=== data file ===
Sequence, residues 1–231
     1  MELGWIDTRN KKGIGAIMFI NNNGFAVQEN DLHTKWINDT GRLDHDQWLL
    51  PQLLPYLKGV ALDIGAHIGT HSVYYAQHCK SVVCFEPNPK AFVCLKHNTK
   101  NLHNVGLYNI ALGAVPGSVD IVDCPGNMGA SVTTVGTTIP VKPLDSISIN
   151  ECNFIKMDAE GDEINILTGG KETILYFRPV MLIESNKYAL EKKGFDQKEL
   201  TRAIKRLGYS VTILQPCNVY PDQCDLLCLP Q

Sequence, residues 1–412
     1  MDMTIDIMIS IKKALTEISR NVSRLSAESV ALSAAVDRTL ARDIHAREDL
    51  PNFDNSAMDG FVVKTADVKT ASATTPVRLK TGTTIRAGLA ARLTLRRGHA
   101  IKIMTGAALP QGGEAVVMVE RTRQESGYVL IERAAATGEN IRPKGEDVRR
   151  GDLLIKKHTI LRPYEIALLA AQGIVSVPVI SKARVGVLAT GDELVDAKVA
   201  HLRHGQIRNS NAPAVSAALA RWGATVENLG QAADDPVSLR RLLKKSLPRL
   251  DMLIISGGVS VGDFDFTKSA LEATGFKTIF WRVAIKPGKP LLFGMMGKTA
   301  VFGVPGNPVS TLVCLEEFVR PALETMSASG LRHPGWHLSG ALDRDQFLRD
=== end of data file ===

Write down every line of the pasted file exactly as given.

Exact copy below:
Sequence, residues 1–231
     1  MELGWIDTRN KKGIGAIMFI NNNGFAVQEN DLHTKWINDT GRLDHDQWLL
    51  PQLLPYLKGV ALDIGAHIGT HSVYYAQHCK SVVCFEPNPK AFVCLKHNTK
   101  NLHNVGLYNI ALGAVPGSVD IVDCPGNMGA SVTTVGTTIP VKPLDSISIN
   151  ECNFIKMDAE GDEINILTGG KETILYFRPV MLIESNKYAL EKKGFDQKEL
   201  TRAIKRLGYS VTILQPCNVY PDQCDLLCLP Q

Sequence, residues 1–412
     1  MDMTIDIMIS IKKALTEISR NVSRLSAESV ALSAAVDRTL ARDIHAREDL
    51  PNFDNSAMDG FVVKTADVKT ASATTPVRLK TGTTIRAGLA ARLTLRRGHA
   101  IKIMTGAALP QGGEAVVMVE RTRQESGYVL IERAAATGEN IRPKGEDVRR
   151  GDLLIKKHTI LRPYEIALLA AQGIVSVPVI SKARVGVLAT GDELVDAKVA
   201  HLRHGQIRNS NAPAVSAALA RWGATVENLG QAADDPVSLR RLLKKSLPRL
   251  DMLIISGGVS VGDFDFTKSA LEATGFKTIF WRVAIKPGKP LLFGMMGKTA
   301  VFGVPGNPVS TLVCLEEFVR PALETMSASG LRHPGWHLSG ALDRDQFLRD